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BLUE SUN ROOM FAN FICTION - ADVENTURE
Wash is back in prison.
CATEGORY: FICTION TIMES READ: 1902 RATING: 9 SERIES: FIREFLY
“I’m going back out to Number Three,” Wash called, and heard Balch grunt acknowledgement. Wash’s work had identified and helped to correct a number of problems on that line, but Number Three still gave Balch headaches, and he had tacitly let the responsibility for keeping after it fall to Wash. Which was fine with Wash; it gave him something to do besides sit in the block-walled building all day, nursing his wounds and fretting over what the Alliance might be plotting to do next.
As Wash was leaving, Balch appeared at his office door. “Toupin tells me you sent somebody to tune up the front-end loader,” he said.
“Yeah; it was overdue,” Wash said, stopping next to his desk. “I started tracking maintenance records, too, since I was going out picking up stats off the machines. Nobody else seemed to be doing it.”
Balch shook his head. “Anybody told me a week ago that what this mine needed was a man with a head for numbers, I woulda laughed.”
“You did laugh. A lot,” Wash reminded him. The ginger cat jumped onto the desk and pressed its head into Wash’s hand. Wash rubbed its ears absently.
Balch chuckled. “So I did. You are an odd one, Professor. Never would have thought I’d find any use for a man like you, and here you’ve turned me right around.”
Wash thought of Zoe. “You’re not the first person to say something like that,” he admitted, smiling sadly down at the cat.
“So it worries me some that the Alliance seems to have some personal interest in you,” Balch said. “Normally, I wouldn’t ask a man a question like this, but normally I don’t have Alliance officers falling out of the sky on my head. What do they want with you?”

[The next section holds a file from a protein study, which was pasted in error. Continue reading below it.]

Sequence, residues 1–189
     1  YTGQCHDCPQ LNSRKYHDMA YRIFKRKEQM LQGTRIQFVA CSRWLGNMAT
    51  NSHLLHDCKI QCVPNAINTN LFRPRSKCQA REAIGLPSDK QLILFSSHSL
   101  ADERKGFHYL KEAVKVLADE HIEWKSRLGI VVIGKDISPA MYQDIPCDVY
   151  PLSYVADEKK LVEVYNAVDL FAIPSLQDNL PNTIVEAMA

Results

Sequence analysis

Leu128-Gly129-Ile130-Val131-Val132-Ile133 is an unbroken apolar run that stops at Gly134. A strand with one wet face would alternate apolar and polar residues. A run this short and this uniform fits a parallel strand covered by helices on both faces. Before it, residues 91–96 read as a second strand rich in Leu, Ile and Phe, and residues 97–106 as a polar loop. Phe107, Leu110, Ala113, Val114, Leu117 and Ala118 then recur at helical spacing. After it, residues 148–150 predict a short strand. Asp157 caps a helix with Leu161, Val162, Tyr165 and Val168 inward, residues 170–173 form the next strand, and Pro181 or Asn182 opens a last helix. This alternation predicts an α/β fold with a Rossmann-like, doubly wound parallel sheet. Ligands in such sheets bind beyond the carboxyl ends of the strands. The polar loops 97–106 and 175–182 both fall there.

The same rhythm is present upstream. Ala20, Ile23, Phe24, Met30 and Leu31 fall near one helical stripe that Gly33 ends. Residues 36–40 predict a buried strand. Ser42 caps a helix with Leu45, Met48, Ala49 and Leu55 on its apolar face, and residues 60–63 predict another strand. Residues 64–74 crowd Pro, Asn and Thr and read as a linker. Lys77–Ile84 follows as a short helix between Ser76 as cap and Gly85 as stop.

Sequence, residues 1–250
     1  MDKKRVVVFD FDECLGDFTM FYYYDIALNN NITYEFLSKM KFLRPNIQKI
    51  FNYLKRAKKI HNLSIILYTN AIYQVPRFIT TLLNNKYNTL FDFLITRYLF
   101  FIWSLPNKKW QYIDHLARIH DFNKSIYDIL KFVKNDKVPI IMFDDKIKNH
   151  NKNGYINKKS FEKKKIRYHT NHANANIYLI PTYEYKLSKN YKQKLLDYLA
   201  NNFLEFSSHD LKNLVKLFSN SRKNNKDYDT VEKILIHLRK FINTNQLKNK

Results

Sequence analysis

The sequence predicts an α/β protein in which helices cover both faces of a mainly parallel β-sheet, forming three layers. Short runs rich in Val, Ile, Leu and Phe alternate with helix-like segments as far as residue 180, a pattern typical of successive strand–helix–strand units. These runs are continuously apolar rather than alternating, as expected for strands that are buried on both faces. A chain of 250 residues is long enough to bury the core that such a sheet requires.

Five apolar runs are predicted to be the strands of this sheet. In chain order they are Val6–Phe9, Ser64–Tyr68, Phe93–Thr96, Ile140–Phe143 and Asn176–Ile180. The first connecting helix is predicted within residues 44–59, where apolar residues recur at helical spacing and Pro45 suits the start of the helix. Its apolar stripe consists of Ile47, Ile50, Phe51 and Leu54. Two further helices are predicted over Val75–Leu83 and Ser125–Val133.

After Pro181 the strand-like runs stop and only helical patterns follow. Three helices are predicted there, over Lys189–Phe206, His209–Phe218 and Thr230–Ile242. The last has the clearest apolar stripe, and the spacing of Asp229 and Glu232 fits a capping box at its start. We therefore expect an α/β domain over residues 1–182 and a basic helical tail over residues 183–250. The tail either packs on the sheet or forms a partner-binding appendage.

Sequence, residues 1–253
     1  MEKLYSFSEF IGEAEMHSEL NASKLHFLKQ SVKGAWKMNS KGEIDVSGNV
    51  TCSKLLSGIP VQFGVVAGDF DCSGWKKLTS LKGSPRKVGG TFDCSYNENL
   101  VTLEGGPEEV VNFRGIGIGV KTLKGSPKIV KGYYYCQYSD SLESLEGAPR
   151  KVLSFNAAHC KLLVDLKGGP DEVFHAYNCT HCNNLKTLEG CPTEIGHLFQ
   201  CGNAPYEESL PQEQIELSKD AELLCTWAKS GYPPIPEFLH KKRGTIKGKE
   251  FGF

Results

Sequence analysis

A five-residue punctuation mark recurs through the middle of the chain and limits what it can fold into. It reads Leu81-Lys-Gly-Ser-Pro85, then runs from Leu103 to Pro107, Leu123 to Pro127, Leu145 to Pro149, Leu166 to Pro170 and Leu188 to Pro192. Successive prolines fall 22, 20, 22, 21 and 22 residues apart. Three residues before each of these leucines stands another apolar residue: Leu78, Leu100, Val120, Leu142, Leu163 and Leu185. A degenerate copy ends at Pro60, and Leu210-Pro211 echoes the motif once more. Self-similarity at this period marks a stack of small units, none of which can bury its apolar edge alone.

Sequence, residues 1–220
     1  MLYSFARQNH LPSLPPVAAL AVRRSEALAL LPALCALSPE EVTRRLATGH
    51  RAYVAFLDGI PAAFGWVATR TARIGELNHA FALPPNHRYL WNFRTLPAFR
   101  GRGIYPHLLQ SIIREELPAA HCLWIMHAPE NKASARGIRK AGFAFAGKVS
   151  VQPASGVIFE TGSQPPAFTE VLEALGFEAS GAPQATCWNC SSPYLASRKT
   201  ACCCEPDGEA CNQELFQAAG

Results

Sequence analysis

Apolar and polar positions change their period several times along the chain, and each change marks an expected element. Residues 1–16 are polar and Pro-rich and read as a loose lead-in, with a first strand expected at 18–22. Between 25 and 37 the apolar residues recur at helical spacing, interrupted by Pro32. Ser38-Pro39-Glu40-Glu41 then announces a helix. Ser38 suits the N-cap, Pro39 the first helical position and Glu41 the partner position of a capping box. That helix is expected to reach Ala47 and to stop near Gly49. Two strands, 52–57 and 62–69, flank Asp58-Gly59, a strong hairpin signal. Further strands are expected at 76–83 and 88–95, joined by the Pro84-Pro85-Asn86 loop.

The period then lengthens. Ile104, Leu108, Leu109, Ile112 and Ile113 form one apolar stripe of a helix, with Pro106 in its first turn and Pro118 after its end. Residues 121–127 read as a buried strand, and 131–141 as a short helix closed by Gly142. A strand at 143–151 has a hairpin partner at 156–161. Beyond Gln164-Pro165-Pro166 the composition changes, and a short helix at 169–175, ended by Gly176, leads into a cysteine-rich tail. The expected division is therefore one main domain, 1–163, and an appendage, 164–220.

Wash sighed, and sat on the edge of the desk. “Wish I knew,” he said. The ginger cat climbed into his lap, purring. “Yesterday, seemed a sure thing they’d space me. But they put me back down here instead.”
“What kind of trouble you in exactly that landed you here?”
For all Balch’s kindnesses, Wash wasn’t really ready to divulge too much personal information. “I think they thought I could help them get something they want. I told them I wouldn’t. I thought that would be my last act in this ‘verse, actually, when I said it. But here I am, and I don’t know why any more than you do.”
Balch frowned. “I don’t like it, Professor. Don’t sit well with me, having Alliance on top of my operation.”
“It’s not exactly a thrill a minute for me, either,” Wash said, feeling every bruise Folson had given him.
Balch rumbled unhappily. “That situation needs resolving,” he said.
Wash stroked the cat, and didn’t answer.
Balch stared at the animal. “So what’s with the cat, anyway? Now you’re taking in strays?”
“Guess so,” Wash said. “I fed her, I guess that makes her mine.”
“Beast got a name?”
Wash picked up the ginger cat and held her face in front of his. “I think I’ll call her . . . This Cat.”
Balch laughed, his whole body shaking. He turned back to his office. “This Cat.’ Man’s an odd one,” he muttered. “That’s certain.”
Thinking of Zoe, and the Alliance, and Balch’s evident displeasure over their presence, and his own misgivings on that score, Wash made his way, slowly and stiffly, out to the Number Three line. He copied down the fuel cell readings on the various pieces of equipment, and their hours-of-service numbers, and made notes of his observations – including that the fuel cells were correctly installed, but the guards were not, and which of the machines sounded like they could stand to be adjusted or lubricated. He hadn’t noticed the mine’s mechanics acting like they much cared about noticing and doing such things all on their own. And he couldn’t say he blamed them, although for his part, he found it easier to keep busy than to sit and fret.